Beijing Hutongs

The labyrinthine maze of narrow alleyways and streets, unique to Beijing, are known as Hutongs. The term “Hutong”, which is believed to be a Mongolian word dating back to the Yuan Dynasty, means alleyway. The traditional Beijing home is the Quadrangle, which consist of a courtyard surrounded on four sides by buildings and surrounded by a wall. Many Quadrangles could be put together to form a compound. The residences were built touching each other and the alleyways used to access them became mazelike. Each Hutong was like a small city where people could shop, work, and entertain themselves and each has its own unique atmosphere.

The Hutongs of Beijing first appeared during the Yuan Dynasty (1271-1368). The Yuan Dynasty was ruled by the Mongolians and the Mongolian word for water well is “Hutong”. Since the well was the center of any community, the residential areas were called “Hutongs”. There are still some Hutongs dating back to the Yuan Dynasty in Beijing, but most date from the Ming (1368-1644) and Qing (1644-1911) Dynasties. Every Hutong has its own history, stories and legends and hearing these stories from the locals is a wonderful part of any visit to Beijing.

During the Ming Dynasty, when Beijing became the capital after centuries of the capital being located elsewhere, The Forbidden City became the literal and cultural center of China. Around The Forbidden City were concentric circles known as the Inner City and Outer City. The Inner city was where members of the imperial family and government officials lived. The Outer City was where the members of the 8 Flag groups lived. Outside the Outer city the general populace lived with the richer being closer to The Forbidden City and the poorer living farther away. To the north and south, the artisans, merchants, and commoners lived. The Hutongs varied greatly in size and decoration depending on the rank and wealth of the family.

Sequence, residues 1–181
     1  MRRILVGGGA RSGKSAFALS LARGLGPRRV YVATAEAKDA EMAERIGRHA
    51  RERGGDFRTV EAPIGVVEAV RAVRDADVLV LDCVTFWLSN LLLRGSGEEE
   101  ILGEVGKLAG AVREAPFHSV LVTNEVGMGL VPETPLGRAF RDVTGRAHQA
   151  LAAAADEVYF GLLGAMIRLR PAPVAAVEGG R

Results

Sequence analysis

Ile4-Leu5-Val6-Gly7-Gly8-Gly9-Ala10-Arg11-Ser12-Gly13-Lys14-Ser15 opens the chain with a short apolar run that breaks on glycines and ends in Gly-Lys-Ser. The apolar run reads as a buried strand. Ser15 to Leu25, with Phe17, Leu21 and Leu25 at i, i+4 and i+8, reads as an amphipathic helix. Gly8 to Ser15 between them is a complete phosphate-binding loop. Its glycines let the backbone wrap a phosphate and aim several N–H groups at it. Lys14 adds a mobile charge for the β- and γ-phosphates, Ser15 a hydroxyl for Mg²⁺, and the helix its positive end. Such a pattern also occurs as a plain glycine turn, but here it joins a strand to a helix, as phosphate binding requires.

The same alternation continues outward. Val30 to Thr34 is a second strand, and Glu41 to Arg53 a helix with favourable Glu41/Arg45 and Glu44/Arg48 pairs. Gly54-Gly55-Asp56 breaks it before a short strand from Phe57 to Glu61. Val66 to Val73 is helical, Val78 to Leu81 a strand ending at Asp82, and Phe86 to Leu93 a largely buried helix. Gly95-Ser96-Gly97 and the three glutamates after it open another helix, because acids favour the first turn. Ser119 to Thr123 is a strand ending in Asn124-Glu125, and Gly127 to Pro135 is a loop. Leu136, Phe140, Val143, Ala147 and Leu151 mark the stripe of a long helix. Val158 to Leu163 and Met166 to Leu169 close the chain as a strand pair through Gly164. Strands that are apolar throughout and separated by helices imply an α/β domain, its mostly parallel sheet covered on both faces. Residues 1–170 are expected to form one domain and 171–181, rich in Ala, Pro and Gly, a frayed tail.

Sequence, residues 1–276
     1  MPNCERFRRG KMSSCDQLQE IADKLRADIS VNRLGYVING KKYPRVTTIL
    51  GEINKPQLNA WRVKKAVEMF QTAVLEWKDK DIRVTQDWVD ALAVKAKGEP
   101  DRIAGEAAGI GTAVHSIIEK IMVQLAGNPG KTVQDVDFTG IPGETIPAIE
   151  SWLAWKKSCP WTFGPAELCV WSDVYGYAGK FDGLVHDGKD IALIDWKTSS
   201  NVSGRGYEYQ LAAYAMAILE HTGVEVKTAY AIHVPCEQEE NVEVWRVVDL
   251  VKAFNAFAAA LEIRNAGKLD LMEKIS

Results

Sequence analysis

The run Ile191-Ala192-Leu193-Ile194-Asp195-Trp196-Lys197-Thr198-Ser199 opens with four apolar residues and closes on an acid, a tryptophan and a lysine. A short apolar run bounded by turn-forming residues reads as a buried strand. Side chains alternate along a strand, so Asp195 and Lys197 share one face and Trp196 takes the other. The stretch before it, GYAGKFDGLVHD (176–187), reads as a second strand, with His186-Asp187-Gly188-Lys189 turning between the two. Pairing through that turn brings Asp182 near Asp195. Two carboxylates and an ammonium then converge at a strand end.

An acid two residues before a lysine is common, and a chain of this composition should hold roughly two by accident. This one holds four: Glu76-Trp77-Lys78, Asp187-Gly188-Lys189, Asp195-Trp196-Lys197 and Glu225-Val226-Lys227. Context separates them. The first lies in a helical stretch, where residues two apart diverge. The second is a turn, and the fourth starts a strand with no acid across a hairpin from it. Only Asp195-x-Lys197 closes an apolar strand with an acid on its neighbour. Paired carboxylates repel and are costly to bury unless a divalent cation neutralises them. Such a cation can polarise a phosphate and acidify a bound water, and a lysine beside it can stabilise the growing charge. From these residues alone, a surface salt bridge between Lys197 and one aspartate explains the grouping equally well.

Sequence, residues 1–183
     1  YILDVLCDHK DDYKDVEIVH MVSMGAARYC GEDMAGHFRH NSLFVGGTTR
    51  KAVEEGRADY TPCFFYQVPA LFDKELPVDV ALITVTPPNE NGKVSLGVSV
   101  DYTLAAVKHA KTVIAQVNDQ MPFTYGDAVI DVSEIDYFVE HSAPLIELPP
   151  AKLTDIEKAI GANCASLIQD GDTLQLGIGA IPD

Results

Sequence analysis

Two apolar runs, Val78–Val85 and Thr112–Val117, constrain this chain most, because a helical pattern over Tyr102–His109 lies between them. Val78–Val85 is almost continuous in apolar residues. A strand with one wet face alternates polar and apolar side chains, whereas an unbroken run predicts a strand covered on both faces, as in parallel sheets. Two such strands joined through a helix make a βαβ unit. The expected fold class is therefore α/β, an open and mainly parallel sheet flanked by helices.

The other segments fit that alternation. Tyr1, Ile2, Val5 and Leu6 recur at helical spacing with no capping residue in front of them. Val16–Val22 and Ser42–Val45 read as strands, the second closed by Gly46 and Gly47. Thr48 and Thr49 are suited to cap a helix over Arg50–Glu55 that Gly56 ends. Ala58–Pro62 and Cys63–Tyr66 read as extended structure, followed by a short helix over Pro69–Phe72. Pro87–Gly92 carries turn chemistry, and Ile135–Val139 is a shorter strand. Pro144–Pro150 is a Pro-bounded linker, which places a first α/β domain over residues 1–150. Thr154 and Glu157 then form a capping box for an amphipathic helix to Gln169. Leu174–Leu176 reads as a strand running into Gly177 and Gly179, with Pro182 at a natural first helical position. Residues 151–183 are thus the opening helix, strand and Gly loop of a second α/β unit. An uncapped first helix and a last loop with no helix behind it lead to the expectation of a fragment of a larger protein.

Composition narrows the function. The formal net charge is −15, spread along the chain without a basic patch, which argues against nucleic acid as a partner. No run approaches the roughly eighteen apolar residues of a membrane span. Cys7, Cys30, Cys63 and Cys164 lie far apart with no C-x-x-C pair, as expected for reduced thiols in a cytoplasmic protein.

The Quadrangle was residences that surrounded the Hutongs. Every Quadrangle had its own main gate, some of which were incredibly ornate. The Hutongs were surrounded by walls, so passersby could not see inside. Usually, right inside the gate was a wall which, it was believed, stopped evil spirits from entering the compound. Inside the walled compound, buildings surrounded a central courtyard with the main building and main gates faced south to give them better buildings. Because of this, most of Beijing’s Hutongs run east to west. In the wealthier homes, several quadrangles could be put together and many had private gardens inside.
Hutong Culture
Beijing’s Hutongs have a unique culture all their own. They have been lived in for many generations and the residents know each other very well. Every morning, venders wander the Hutongs selling prepared foods, groceries, commodities, and services. It is possible for a person to live in a Hutong for long periods without having to leave. Everything they need is brought right to their door. In the morning, the residents get together to practice Taiqi, dancing, Peking (Beijing) Opera, and games such as chess, mahjong, and cards. Children play together as they always have, while their parents chat and keep an eye on them.

Each Hutong has its own unique flavor and design. The Hutong with the most turns is Beixinqiao Hutong. It is very easy to get lost in. The narrowest Hutong is the Zhubaoshi Hutong which is only 40cm (16 inches) wide. The longest Hutong in Beijing is the Dong Jiaomin Hutong which is 6.5 kilometers (4 miles) long and the shortest is the Guantong Hutong which is only 30 meters (33 yards) long.

A favorite way to visit Beijing’s Hutongs is by pedicab. Visitors can sit back, relax, and visit them at a slow pace. No visit to Beijing is complete without touring some of the Hutongs. They give visitors an insight into Beijing’s ancient culture and local people.